AstraZeneca’s SGLT2 diabetes med Farxiga is chugging ahead to a pioneering FDA approval in heart failure patents with or without Type 2 diabetes—a first in its class. As it awaits that nod, Farxiga has shown it can also be effective in treating heart failure patients regardless of other therapies they are receiving.
Farxiga reduced the risk of heart failure worsening or death over placebo in heart failure patients regardless of other therapies received during the trial, according to data released Saturday at the American College of Cardiology scientific sessions.
In the Dapa-HF outcomes trial, heart failure with reduced ejection fraction (HFrEF) patients had been treated with a broad range of other pharmaceuticals, device therapies and cardiac resynchronization therapies, AstraZeneca said. Irrespective of those other therapies, Farxiga showed a “consistent reduction” in its targeted CV outcomes across the board.
“By reducing the risk of heart failure worsening regardless of background therapy, Farxiga has the potential to improve current standard of care and reduce the burden of disease for heart failure patients across the globe,” Mene Pangalos, AstraZeneca’s executive vice president of biopharmaceuticals R&D, said in a release.
The new subanalysis from Dapa-HF could boost prescriptions for Farxiga in HFrEF, where the drug has already scored an FDA nod for patients who also have Type 2 diabetes. Meanwhile, the FDA is also reviewing the drug to treat heart failure patients with or without Type 2 diabetes—a potentially game-changing indication for the SGLT2 diabetes-fighting class on the whole.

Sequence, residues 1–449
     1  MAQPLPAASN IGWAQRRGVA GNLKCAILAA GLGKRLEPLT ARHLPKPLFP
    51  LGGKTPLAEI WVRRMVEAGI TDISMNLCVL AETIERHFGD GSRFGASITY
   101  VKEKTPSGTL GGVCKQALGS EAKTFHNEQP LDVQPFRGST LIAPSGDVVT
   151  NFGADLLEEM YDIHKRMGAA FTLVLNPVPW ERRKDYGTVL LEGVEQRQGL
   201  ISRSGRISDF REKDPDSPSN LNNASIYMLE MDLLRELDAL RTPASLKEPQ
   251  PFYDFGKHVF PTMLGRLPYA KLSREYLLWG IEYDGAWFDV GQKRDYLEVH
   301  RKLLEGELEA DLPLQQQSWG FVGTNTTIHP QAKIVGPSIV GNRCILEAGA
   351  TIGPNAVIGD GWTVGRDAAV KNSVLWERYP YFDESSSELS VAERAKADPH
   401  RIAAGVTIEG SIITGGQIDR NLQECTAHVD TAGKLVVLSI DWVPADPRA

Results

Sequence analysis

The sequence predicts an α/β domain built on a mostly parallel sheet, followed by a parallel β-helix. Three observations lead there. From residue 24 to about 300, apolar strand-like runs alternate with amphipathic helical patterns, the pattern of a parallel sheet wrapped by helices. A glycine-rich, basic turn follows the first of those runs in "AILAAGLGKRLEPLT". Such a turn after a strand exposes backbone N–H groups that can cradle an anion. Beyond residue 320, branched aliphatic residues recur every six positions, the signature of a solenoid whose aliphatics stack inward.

In January, the FDA granted Farxiga a priority review in that first-of-its-kind indication based on Dapa-HF data showing the drug cut CV risks by 26% when added to standard-of-care therapy for heart failure patients with or without Type 2 diabetes.
In that study, Farxiga cut the combined risk of cardiovascular death or hospitalization in HFrEF. The FDA’s expedited review covered Farxiga’s pursuit of indications in both HFrEF and heart failure with preserved ejection fraction (HFpEF) patients, AstraZeneca said.
If Farxiga scores that much-desired FDA approval, it would give AstraZeneca a major leg up over its SGLT2 rivals in a heart failure market that could increase sevenfold from $3.7 billion in 2018 to $22.1 billion in 2028, according to GlobalData.
Meanwhile, one Farxiga challenger––Eli Lilly and Boehringer Ingelheim’s Jardiance––recently flopped its own trial in heart failure patients with or without diabetes.
In December, Jardiance failed to improve exercise ability over placebo in chronic heart failure patients with or without diabetes, according to top-line data from two phase 3 studies, Emperial-Reduced and Emperial-Preserved.
The two studies treated patients with Jardiance or a dummy pill for 12 weeks and judged exercise ability using a six-minute walk tests, Boehringer said in a release. Despite the loss, Boehringer is still looking forward to other trials in its Jardiance heart failure program.